We have seen the Lord!” Who has not longed to hear those words? Or who has not longed for the experience that gave birth to the words? Most of us are like Thomas in today’s Gospel—not that we are doubters, but that our faith is based on the words of others. Someone else has the experience, and we hear about it.
But that is not exactly true. God does not favor a chosen few with an experience of the risen Christ and then require the rest of us simply to take it on their word. Not at all! The resurrection means that Jesus is alive for each of us. At the end of his book Life of Jesus, François Mauriac reminds us that since the resurrection, we are apt to encounter the Lord when and where we least expect. Today’s readings provide us with a few examples of this.
The description of the early Christian community found in Acts reminds us that Christ is indeed among us, living in the community, in the members of his body. He is alive in those who are one in heart and mind, who share what they have with each other. These early Easter-people were so transformed by their resurrection experience that nonbelievers looked in wonder at them and exclaimed, “These Christians, see how they love one another.”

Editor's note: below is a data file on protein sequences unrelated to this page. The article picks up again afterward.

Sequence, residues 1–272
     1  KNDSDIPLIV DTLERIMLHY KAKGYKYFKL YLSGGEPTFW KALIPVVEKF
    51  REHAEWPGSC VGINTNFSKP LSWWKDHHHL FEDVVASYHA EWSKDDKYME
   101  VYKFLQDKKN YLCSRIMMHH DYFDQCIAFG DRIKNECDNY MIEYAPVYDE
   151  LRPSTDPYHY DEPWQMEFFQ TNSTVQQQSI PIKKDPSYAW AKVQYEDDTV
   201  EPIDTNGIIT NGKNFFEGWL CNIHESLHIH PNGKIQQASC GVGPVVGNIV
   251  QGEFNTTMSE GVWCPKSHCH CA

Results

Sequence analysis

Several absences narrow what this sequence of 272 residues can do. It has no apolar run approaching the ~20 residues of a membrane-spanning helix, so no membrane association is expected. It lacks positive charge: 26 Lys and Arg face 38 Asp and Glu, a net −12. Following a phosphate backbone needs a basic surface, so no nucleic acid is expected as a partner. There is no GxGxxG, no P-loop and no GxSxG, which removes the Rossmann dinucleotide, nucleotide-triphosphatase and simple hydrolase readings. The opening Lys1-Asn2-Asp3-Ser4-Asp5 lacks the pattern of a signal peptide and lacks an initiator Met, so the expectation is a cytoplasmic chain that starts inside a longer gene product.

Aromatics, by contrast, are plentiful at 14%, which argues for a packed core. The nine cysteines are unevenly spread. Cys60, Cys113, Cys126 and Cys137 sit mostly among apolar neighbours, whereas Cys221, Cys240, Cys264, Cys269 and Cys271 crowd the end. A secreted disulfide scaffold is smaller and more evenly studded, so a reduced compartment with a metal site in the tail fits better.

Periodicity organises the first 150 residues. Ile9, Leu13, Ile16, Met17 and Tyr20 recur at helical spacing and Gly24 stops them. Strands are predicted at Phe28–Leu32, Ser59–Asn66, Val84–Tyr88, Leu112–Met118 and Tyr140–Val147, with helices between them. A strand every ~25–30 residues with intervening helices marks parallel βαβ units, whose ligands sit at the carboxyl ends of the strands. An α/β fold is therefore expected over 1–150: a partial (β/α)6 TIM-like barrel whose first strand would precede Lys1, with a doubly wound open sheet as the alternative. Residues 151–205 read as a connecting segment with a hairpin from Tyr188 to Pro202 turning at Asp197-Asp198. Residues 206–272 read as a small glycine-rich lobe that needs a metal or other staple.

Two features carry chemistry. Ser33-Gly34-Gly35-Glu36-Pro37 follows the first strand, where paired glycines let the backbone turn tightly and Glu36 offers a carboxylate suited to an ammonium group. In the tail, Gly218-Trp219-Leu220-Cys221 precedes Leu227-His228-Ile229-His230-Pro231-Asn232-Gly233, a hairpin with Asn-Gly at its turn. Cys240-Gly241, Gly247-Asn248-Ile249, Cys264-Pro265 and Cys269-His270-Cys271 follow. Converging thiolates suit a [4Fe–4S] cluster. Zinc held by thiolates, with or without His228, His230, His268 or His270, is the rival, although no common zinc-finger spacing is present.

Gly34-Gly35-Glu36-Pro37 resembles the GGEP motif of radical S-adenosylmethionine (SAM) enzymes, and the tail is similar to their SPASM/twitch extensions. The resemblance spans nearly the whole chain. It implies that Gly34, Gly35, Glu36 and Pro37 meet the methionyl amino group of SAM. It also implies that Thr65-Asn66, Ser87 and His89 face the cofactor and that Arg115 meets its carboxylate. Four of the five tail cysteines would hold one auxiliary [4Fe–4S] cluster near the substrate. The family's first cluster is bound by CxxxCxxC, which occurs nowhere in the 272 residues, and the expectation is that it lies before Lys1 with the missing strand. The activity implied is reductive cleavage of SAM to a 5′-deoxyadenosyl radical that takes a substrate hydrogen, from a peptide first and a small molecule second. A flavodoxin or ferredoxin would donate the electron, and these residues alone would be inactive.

We are no different. We too find Christ in our community. His vulnerability can be found in children and in the elderly, his courage in those who stand bravely for principle or who accept suffering with dignity. His kindness shines forth in the smiles of others, his healing power in their gentle touch.
We also meet him in the weaker members of his body. Jesus invited Thomas to touch his wounds. He extends that same invitation to us. It is his fear that we see in the eyes of the mentally ill; it is his terror that grips the refugee; his need reaches out to us in those who are hungry or imprisoned. As Mauriac reminds us, this risen Christ might be just around the corner. Have we experienced him? Can our contemporaries say of us, “These Christians, see how they love one another”?